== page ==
Ex-gay conversion “therapy” is in retreat throughout much of the United States. Not only is momentum building to ban it on a state-by-state basis, but the federal government and President Obama have also endorsed bans on the practice on the grounds that it is unscientific abuse.
While the practice is still legal in way too many parts of the country, it’s fair to say that it’s going out of style.
But the people who have been practicing ex-gay conversion “therapy,” but are no longer able to due to state-level bans, aren’t content to find other work. Instead, they’re moving to a place where they are free to abuse LGBT teens: Israel.
From the Associated Press:
A leading American Jewish group promoting therapy it said could turn gays to heterosexuals was ordered shut in December by a New Jersey court, amid growing efforts in the U.S. to curb the generally discredited practice. But therapists with ties to the shuttered group say they have found a haven for their work in Israel.
Israel’s Health Ministry advises against so-called “gay conversion” or “reparative” therapy, calling it scientifically dubious and potentially dangerous, but no law limits it. In Israel, practitioners say their services are in demand, mostly by Orthodox Jewish men trying to reduce their same-sex attractions so they can marry women and raise a traditional family according to their conservative religious values.
Clients also include Jewish teenagers from the U.S. and other countries who attend post-high school study programs at Orthodox seminaries in Israel. Half of all such students attend seminaries that require youth who admit to having homosexual feelings to see reparative therapy practitioners, according to the Yeshiva Inclusion Project, a group that counsels gay prospective students.
Yeah, remember JONAH? The Orthodox Jewish conversion therapy group that a New Jersey jury unanimously found guilty of fraud for claiming that they could “cure” teenagers of their same-sex attractions? Its members are setting up shop in Israel, since what was totally illegal in New Jersey is perfectly legal there.
The Israel Psychological Association and Israel’s Health Ministry have taken a similar position as their counterparts in the United States, finding that there is no evidence that LGBT people can be “converted.” However, practitioners who have set up shop in Israel after leaving the US have said that the reception they get in Israel is far more welcoming.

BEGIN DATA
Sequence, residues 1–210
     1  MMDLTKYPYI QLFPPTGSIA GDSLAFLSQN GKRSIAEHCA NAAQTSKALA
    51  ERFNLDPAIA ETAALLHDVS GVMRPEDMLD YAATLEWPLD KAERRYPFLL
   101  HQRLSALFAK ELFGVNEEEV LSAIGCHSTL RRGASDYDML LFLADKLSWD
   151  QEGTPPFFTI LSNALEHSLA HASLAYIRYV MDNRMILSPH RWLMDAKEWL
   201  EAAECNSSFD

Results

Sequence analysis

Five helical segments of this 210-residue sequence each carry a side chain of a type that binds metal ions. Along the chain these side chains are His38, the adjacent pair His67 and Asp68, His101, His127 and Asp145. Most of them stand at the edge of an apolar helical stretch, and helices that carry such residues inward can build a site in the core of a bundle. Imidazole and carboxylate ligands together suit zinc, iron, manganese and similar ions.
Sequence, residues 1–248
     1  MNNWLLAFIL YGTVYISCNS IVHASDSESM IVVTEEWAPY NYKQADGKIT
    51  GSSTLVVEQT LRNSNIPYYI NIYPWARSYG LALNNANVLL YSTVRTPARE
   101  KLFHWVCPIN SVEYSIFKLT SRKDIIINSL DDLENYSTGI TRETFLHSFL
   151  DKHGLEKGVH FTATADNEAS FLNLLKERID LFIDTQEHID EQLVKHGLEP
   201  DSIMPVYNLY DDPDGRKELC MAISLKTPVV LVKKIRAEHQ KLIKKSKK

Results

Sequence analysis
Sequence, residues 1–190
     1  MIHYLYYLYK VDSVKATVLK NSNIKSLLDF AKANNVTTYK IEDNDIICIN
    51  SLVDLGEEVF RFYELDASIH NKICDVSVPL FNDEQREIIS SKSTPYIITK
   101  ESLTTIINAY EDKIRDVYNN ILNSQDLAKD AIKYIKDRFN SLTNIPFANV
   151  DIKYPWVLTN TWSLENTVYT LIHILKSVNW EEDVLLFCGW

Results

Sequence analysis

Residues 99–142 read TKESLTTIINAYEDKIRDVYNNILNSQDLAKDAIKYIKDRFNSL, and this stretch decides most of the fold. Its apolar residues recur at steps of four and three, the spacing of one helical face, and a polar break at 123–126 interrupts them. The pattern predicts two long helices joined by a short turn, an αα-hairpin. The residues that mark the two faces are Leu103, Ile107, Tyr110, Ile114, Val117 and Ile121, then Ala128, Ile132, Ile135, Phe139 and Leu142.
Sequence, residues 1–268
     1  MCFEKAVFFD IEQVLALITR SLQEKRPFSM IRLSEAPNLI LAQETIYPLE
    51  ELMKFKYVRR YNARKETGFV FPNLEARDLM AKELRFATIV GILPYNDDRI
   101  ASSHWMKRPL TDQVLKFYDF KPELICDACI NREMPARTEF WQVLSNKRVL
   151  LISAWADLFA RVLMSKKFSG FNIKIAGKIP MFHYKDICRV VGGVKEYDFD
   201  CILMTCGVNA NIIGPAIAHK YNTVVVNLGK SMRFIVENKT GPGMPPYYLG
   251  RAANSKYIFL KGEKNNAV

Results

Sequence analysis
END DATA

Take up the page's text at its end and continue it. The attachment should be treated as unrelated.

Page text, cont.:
I can’t imagine why.
Activists and lawyers in Israel argue that, while ex-gay conversion “therapy” may not be outlawed in Israel, it’s possible to make a legal case that practitioners who don’t inform clients of the Israeli government’s position on the practice could have their psychological licenses revoked. However, while practitioners currently don’t regularly provide clients with that information, they don’t seem to think being required to do so would matter that much. As the AP continued:
[Ex-gay practitioner Dr. Elan] Karten says he tells patients he cannot guarantee therapy will succeed, but that it is not a routine part of his therapy to discuss with them the government positions.
“Let’s say someone’s coming to me, and they’re religious. They could open the position statement of the Israel Psychological Association, or they could open the Torah,” he said. “They’re going to probably look at what the IPA says and say, ‘That’s nice, but I still have this to contend with. I have dreams to be a father and a husband.'”
Placed in the context of the recent intra-progressive debate over LGBT equality in Israel, cases like these go to show that while Israel is in many ways progressive on social equality, its government and culture still privilege religious fundamentalism to a dangerous degree. Religious hucksters whose religious beliefs and practices are considered too unfounded and harmful to be tolerated in the United States are able to find acceptance for those unfounded and harmful beliefs in Israel.
It goes to show how much work there is to be done — even in countries we think of as relatively gay-friendly.